HOGMANAY & NEW YEAR'S EVE
The magical firework display and torchlight procession in Edinburgh on Hogmanay (the Scottish New Year celebration) - and throughout many cities in Scotland - is reminiscent of the ancient customs of long ago practiced to ensure a prosperous new year.
Traditional ceremonies of yesteryear would involve people dressing up in the hides of cattle and raucously running around the village being hitting each other with sticks! Other festivities would also include the lighting of bonfires, rolling blazing tar barrels down hills and tossing torches. Animal hide wrapped around sticks and ignited produced a smoke that was believed to be very effective to ward off evil spirits. The smoking stick was also known as a Hogmanay.
"First footing" (that is, the "first foot" in the house after midnight) was a new year's tradition which would ensure good luck for a household. The "first foot" should be male, dark-haired (believed to be a throwback to the Viking days when blond strangers arriving on your doorstep meant trouble) and should bring symbolic coal, shortbread, salt, black bun and whisky.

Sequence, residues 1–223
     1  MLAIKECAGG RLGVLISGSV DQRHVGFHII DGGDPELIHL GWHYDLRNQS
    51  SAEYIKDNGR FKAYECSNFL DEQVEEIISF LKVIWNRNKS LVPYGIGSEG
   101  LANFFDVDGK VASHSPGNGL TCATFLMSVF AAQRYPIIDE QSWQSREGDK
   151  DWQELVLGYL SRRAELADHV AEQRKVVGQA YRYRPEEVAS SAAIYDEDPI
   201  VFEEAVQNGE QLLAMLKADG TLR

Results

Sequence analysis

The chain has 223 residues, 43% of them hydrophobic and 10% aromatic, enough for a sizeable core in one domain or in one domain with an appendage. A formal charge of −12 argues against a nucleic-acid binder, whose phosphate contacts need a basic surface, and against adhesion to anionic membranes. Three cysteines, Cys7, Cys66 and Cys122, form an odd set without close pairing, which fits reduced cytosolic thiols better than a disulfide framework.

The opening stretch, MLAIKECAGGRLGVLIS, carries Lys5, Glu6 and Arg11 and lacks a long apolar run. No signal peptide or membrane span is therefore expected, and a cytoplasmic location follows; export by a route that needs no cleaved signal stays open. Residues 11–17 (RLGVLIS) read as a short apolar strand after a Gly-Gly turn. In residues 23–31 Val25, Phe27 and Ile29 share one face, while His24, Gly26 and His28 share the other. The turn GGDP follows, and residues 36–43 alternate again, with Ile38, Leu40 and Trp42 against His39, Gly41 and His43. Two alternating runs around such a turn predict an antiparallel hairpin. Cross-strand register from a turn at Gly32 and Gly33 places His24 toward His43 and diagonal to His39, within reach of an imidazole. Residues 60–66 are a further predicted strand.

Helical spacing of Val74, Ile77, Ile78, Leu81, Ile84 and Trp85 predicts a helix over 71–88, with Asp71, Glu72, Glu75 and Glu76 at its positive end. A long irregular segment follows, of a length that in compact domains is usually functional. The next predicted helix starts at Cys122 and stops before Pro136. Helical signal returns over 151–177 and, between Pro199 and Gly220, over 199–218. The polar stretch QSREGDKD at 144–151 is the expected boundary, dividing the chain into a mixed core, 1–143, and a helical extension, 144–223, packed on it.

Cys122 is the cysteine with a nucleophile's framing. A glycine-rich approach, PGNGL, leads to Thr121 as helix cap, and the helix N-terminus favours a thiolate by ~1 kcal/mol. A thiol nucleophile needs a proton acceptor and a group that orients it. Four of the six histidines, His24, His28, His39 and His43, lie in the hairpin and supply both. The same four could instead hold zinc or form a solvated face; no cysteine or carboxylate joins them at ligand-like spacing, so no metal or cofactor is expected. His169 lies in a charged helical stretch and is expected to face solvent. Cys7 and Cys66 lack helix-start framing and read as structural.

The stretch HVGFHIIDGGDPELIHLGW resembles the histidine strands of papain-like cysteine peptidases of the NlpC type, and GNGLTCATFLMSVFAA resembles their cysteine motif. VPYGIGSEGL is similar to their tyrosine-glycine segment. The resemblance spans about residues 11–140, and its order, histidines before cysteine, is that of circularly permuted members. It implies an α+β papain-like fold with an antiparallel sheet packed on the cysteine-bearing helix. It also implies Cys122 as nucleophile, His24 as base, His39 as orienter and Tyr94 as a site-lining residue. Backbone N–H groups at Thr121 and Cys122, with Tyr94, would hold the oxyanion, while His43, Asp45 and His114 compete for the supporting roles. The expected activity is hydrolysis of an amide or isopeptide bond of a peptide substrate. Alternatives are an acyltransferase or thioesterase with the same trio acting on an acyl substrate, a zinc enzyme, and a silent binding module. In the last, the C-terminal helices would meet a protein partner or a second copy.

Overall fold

Other good luck traditions to be performed before midnight include cleaning the house on 31st December (taking out any old ashes from the fire), and clearing all your debts before "the bells" at midnight.
Happy Hogmanay and Guid Luck for the New Year!
Scroll down for the seasonal collection, and for more details about the tartans and their inspiration, click any picture to visit these individual entries on the Curious and Unusual Tartans website, where the tartans are arranged within the calendar year.
Edinburgh FireworksIn Shetland, New Year is called ‘Yules’ from the Viking word for the season.
Scandinavians still celebrate ‘Hoggo-nott’, and the Flemish word ‘hoog min dag’ means “great love day”.
Another possible origin is the Anglo-Saxon ‘Haleg Monath’, for Holy Month, or the Gaelic, ‘oge maidne’ for ‘new morning’.
But most scholars believe Hogmanay derives from the Old French aguillanneuf, ‘to the New Year’, which becomes hoguinané in the Norman dialect.
French: Bonne Année!
Spanish: ¡Feliz Año Nuevo!
Icelandic: Gleðilegt nýtt ár!
Dutch: Gelukkig Nieuwjaar!
Italian: Buon anno!
Later on, the English and Germans would celebrate by kissing the first person they met when the bells tolled twelve o’clock. The folklore behind this tradition says that the first person you encounter in a new year – and the type of encounter you have – sets the tone for the rest of the year.